Theatre that's never happy ever after


Fairytale musical Into the Woods. Picture: KEN ROBERTSON

Fairytale musical Into the Woods. Picture: KEN ROBERTSON

November 23 – December 8

Miner’s Lamp Theatre

Tickets: 4284 8348 or

Can you have a fairytale without a happy ending?

You can if it's a twisted sort of fairytale, and Into the Woods is one that turns the whole fairytale genre on its head.

The Stephen Sondheim musical, based on a book by James Lapine, tells the tale of a baker and his wife and their quest to begin a family after being cursed by a wicked witch. Woven into this story are the characters and plot lines from several famous fairytales, including Little Red Riding Hood, Jack and the Beanstalk, Rapunzel and Cinderella.

While the fairytale aspect of the show gives it broad appeal, it is a fairytale that is aimed more at adults than children. Act One does end happily, but it is definitely not "happily-ever-after" - in Act Two everything begins to unravel.

Rebecca Glover, who is directing the Arcadians production, says the musical shows that actions have consequences.

"There is a fairytale ending at the end of the first act and everyone gets their wish - Cinderella gets her prince, Jack gets rich, Little Red Riding Hood has slain the wolf and is much tougher," Glover says.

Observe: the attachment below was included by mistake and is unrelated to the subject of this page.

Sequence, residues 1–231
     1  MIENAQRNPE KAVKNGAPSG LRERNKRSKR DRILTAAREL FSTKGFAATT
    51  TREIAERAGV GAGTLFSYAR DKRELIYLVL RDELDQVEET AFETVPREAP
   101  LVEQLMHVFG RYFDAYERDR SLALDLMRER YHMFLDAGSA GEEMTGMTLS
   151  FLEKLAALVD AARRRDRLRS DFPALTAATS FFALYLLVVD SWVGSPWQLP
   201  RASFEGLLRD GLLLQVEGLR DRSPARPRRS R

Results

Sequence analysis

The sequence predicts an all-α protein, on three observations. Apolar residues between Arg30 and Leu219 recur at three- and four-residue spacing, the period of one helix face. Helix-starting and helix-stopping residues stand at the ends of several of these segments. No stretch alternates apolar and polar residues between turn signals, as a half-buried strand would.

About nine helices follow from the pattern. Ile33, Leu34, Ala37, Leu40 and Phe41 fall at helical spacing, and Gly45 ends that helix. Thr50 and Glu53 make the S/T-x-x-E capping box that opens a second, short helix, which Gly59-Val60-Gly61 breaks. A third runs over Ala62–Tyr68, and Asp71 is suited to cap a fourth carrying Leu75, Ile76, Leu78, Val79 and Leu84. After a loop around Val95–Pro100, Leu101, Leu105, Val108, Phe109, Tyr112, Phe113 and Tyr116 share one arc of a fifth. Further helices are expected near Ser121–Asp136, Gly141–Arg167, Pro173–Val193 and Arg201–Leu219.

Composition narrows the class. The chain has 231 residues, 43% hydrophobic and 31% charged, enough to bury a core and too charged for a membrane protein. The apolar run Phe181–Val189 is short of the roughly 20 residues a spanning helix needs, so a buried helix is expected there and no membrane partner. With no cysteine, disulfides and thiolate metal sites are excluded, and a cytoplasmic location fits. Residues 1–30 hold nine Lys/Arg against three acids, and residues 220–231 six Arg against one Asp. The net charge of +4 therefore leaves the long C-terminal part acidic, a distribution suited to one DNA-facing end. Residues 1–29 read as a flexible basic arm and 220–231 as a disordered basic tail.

"But the second act is much darker. The giant's wife comes to the kingdom, people die, and Rapunzel, who has been locked in the tower, goes a bit crazy.

"It is very symbolic of real life. We all have these fairytales that we listen to, but what happens to those characters afterwards? You can relate it to your own life: happily-ever-after doesn't really happen.

"The second act teaches you that everything you want or desire comes with an opposite effect and there is good and evil in everything.

"It's like that Ralph Waldo Emerson quote: life is the journey not the destination.

"It is a never-ending journey through the woods and the woods represent the difficulties and hardships you go through in life."

Glover has loved Into the Woods since she first saw it at age 16 and jumped at the opportunity to stage it for the Arcadians.

"It's probably my favourite musical and I could watch it over and over again, which is a good thing because that's what I am doing at the moment," she says.

As with any musical, it presented quite a few challenges to the cast and crew, with a lot of moving parts to co-ordinate - including a 15-piece orchestra - but after seeing the first dress rehearsal Glover is confident of putting on "quite a schmick production".

"I don't think a lot of people realise the behind-the-scenes work that goes into putting it all together," she says.

"It's quite a big orchestration in itself to get lighting and sound and costuming and the orchestra, hair and make-up and then the rehearsing.

"Thankfully we have had a great team who have all worked really well together to pull this one off and they have done a fabulous job - it looks really good. I'm really proud of it."


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